Ten days from now, on March 20th, we will begin the fourth year of war in Iraq. For the vast majority of Americans, the day will be noted only by news stories and likely a predictable speech from the President. But for the more than one million men and women who have served in Iraq and Afghanistan since September 11th, the third anniversary of this war is more than just a symbolic opportunity for media attention.
In the three years that have passed since American Troops first stepped into Iraq, the political and social landscape has changed dramatically for the members of our military. Life for these men and women, and their families, will never be the same. Tens of thousands of Troops have suffered physical wounds, and countless thousands more will combat the psychological wounds of war for years to come. More than 2300 hundred American families have hollow places that can never be filled completely by the memory of their fallen heroes, no matter how proud those memories may be. For millions of American -- your neighbors -- life changes have happened every minute of every hour for the past three years.
For the structure of our modern military, the pace of change has been much slower. We have learned that pre-war intelligence should mean finding body armor as much as finding WMDs. There are Iraq War Veterans who will swear that the weapons were there, and those who will swear just the opposite. But they all agree that in the years leading up to this war, while the UN checked under the rug for WMDs, someone at the White House forgot to check that our Troops would go into battle with such basic necessities as body armor, translators, clean water, or even, just maybe, a plan to secure the peace.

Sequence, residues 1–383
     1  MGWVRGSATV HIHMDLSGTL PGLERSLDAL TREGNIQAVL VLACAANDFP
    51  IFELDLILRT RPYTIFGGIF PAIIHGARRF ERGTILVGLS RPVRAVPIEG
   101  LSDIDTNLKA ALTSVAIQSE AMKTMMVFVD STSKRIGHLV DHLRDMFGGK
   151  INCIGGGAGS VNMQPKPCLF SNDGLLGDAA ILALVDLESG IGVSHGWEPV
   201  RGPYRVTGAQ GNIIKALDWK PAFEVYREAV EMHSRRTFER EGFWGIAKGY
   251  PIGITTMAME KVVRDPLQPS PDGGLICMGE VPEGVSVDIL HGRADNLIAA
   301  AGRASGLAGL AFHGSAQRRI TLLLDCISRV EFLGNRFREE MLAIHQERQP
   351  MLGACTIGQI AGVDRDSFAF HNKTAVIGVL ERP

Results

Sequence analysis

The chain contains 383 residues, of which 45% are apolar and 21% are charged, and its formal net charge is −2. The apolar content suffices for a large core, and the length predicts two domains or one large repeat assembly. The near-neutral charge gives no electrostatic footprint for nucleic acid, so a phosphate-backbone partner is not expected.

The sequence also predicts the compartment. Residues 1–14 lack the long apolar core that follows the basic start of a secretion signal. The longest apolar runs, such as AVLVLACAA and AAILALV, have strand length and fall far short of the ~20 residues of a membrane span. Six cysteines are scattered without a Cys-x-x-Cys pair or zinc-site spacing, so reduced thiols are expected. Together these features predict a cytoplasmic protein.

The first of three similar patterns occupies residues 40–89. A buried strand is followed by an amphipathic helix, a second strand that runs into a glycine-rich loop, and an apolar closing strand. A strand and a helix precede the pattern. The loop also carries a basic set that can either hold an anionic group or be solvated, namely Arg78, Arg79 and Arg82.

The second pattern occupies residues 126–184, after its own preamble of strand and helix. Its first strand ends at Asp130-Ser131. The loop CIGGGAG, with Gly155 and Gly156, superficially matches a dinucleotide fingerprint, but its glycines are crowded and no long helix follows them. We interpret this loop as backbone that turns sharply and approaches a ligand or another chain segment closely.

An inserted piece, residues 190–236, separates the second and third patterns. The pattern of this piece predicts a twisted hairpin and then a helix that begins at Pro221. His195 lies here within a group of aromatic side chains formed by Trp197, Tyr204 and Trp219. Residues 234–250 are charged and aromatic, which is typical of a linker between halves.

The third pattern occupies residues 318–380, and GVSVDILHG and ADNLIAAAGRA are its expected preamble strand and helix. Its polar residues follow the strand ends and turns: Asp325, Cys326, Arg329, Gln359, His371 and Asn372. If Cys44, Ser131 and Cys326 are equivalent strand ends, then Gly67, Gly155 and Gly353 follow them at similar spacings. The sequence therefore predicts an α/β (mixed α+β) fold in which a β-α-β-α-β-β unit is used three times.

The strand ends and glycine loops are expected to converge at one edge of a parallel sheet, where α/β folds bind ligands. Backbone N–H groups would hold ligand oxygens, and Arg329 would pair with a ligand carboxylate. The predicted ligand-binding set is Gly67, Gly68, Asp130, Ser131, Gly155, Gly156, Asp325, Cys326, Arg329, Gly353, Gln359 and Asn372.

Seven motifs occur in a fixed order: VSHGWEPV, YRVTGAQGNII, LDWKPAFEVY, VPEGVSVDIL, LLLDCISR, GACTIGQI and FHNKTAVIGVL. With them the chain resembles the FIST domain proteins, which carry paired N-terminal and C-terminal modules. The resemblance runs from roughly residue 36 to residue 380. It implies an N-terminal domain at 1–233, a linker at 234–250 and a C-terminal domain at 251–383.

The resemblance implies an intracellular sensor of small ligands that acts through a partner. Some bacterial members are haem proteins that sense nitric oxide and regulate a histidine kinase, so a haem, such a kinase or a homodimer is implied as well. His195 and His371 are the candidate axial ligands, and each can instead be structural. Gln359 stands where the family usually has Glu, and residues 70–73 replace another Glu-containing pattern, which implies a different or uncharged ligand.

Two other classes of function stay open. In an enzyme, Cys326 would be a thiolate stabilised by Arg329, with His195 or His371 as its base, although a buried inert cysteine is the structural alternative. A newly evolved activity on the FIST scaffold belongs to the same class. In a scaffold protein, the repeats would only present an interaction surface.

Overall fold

And while there were many successes in Iraq, the war continued and the casualties increased, but the civilian CEO Vice President reassured viewers at home that the insurgency was "in its last throes". Then we began to hear stories that our Troops were coming home to three-month long waits for an appointment at the VA. And just months before the coffers were to run dry in 2005, the VA discovered a nearly $3-billion dollar hole in its budget, jeopardizing care for five-out-of-six new Veterans.
And a year later, while the President congratulates himself for a Veterans Affairs budget greater than that of his predecessor, he quietly rolls out a plan to start charging many of them an enrollment fee for care at the VA. This, less than two months after delivering a State of the Union address that reinforced his policy of continuous war, while not once mentioning the new generation of Veterans that his policies have created.
But here's the good news. While Washington has failed our Troops and Veterans, the public has stepped up to the plate. Over the past three years, we've reshaped the national conversation about this war, its consequences, and the nation's military policy. A couple years back I started telling people that they don't need to be Veterans to be part of the Veterans' movement. That is true now more than ever, and more than 50,000 civilians have realized it, signing on to be the grassroots support for organizations like IAVA. In the next 12 months we aim to make that number 50 million, and we hope you'll take part, because really supporting the Troops is about so much more than just putting a magnetic yellow ribbon on the bumper of your car. It means getting involved.